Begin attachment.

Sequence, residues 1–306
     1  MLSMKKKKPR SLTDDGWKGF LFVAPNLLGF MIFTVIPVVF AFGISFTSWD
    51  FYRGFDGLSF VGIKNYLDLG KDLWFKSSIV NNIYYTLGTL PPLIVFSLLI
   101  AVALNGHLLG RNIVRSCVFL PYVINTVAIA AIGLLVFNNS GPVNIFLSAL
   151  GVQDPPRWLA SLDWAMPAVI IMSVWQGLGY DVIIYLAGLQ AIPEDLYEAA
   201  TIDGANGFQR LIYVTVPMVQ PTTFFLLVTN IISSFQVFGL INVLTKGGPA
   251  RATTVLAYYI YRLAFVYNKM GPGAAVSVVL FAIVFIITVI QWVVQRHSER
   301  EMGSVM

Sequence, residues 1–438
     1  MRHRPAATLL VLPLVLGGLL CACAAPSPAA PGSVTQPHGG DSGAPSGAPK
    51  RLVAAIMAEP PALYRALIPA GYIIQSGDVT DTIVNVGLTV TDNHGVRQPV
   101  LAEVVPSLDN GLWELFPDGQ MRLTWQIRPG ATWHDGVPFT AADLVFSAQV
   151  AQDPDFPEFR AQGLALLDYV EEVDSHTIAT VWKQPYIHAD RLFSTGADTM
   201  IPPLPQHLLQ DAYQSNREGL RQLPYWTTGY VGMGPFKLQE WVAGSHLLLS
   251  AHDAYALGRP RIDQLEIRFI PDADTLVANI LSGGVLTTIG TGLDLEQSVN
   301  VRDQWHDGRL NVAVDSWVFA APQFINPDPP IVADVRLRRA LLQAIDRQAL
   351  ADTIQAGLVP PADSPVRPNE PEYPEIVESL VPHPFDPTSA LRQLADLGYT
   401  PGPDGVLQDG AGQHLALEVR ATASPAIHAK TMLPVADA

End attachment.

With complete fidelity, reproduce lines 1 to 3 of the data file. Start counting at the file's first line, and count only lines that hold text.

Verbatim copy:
Sequence, residues 1–306
     1  MLSMKKKKPR SLTDDGWKGF LFVAPNLLGF MIFTVIPVVF AFGISFTSWD
    51  FYRGFDGLSF VGIKNYLDLG KDLWFKSSIV NNIYYTLGTL PPLIVFSLLI